In a welcome surprise but one with potentially complex implications, Gulf of Maine cod have returned in notable concentrations to Stellwagen Bank and are being landed with plentiful yellowtail flounder by the inshore fleet.
According to NOAA stock assessments, both cod and yellowtail have been severely weakened by overfishing, and catch limits for the fishing season beginning May 1 are facing severe cutbacks. Cod landings would be reduced 77 percent and Gulf of Maine yellowtail landings would be cut by 53 percent.
The adjustments have been voted by the New England Fishery Management Council, an arm of the National Oceanic and Atmospheric Administration, which is made up of at large appointees from the industry, state officials and the regional administrator of NOAA, John Bullard. The cuts are based on scientific reports and analysis, but Bullard has the authority to do what he wants so long as it is consistent with the Magnuson-Stevens Fishery Conservation and Management Act mandate — to protect the resources of the sea and, in a delicate balancing act, also ensure maximum sustainable yield for the economy.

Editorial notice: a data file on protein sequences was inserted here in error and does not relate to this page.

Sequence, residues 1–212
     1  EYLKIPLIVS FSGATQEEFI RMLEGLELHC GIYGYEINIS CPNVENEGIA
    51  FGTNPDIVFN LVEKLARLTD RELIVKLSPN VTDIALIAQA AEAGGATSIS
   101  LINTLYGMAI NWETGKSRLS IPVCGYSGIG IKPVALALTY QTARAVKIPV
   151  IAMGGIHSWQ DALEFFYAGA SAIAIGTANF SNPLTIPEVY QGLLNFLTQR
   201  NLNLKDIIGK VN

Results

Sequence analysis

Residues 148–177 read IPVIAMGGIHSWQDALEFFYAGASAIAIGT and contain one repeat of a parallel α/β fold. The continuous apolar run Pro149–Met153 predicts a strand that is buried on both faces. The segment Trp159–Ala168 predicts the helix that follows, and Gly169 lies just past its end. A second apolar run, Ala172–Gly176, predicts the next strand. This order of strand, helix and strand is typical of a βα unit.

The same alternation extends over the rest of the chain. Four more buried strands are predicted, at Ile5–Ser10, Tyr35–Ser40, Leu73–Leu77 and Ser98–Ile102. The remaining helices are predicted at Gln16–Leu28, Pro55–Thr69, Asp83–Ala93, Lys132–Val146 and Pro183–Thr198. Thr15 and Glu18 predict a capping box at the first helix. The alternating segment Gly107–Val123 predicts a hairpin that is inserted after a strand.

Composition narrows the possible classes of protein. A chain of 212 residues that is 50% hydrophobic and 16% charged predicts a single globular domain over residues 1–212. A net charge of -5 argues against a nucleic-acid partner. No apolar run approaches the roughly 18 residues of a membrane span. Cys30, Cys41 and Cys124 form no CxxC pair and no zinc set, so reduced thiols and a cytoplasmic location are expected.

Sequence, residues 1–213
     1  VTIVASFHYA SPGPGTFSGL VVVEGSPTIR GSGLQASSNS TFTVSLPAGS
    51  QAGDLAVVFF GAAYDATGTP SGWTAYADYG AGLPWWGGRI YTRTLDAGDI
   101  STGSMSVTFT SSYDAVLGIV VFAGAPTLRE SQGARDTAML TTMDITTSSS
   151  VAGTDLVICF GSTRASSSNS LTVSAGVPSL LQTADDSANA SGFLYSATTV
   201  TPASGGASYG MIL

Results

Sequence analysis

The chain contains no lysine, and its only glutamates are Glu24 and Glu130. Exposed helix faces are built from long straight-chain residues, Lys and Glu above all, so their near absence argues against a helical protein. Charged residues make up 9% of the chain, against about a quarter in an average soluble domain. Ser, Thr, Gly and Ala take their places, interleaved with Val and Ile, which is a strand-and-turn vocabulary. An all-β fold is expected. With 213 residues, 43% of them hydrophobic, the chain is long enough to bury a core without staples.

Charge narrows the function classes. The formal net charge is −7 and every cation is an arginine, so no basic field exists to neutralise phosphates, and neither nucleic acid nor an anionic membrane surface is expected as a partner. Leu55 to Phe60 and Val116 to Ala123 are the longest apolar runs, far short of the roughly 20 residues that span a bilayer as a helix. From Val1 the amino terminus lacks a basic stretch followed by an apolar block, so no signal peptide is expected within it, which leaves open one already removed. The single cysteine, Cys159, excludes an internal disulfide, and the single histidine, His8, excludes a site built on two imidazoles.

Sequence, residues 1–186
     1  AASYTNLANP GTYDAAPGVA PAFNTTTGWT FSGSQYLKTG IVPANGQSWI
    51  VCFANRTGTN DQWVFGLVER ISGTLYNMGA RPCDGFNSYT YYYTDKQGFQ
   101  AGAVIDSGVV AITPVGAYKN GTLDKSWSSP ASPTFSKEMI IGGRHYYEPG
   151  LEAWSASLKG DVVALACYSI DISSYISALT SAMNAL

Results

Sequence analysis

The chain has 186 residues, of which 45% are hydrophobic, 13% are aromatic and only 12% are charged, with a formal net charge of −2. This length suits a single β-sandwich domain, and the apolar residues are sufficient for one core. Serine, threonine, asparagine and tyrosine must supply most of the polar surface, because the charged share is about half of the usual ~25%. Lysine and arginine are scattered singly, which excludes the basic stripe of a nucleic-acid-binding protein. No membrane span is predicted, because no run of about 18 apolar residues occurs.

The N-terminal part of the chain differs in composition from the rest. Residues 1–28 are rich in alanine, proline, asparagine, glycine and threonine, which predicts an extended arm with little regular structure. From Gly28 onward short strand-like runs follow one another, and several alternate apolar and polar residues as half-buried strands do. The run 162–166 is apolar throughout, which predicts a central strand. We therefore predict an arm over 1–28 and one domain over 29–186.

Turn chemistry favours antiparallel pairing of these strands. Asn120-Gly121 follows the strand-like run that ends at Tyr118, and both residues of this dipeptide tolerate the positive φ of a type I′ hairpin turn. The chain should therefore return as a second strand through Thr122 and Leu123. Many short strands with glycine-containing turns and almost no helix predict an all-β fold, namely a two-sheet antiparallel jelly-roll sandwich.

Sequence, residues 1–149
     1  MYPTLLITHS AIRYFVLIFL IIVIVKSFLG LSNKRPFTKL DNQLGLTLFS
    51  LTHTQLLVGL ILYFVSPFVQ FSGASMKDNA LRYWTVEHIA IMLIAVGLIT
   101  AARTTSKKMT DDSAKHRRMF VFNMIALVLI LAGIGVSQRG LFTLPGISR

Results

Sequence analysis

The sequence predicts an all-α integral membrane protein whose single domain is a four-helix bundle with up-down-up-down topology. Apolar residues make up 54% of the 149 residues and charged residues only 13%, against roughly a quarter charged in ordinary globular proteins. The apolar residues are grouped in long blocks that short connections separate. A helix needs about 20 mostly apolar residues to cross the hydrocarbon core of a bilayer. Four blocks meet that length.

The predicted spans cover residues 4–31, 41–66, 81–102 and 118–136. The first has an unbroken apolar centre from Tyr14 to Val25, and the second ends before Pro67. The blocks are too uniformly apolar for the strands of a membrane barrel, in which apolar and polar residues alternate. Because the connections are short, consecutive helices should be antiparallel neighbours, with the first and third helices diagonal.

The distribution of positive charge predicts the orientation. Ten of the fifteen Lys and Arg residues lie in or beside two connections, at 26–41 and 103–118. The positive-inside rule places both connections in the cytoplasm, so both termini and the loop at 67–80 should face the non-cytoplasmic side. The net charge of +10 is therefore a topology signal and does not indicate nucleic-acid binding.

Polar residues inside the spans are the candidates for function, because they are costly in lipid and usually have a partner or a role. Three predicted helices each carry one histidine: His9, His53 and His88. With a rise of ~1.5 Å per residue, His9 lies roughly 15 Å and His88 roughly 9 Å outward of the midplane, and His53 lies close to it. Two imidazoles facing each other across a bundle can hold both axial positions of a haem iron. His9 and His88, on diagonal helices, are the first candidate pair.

Bullard has not yet issued his policy decisions, but has hinted repeatedly that it is time for industry to bite the bullet and absorb the cutbacks. The cuts are expected to threaten the survival of the Northeast groundfishery, which was declared a disaster last September by the federal assistant secretary of commerce based on data supplied by Gov. Deval Patrick and his colleagues in Maine, New Hampshire, Rhode Island, Connecticut and New York.
Bullard has cited data showing that the commercial fleet has landed only 55.2 percent of the 3,700 tons catch allowable through March 12 to underscore the case that the problem is the paucity of inshore cod, not heartless, ultraconservative regulation.
Draconian cutbacks in the face of ample cod would all but disable the industry due to the requirement to stop fishing for all groundfish once the quota of any one of them is taken, hence the potential that a return of larger numbers of inshore cod, if combined with the likely 77 cutback in landings from 2011, could effectively shutdown the fishery via the “too much of a good thing” syndrome.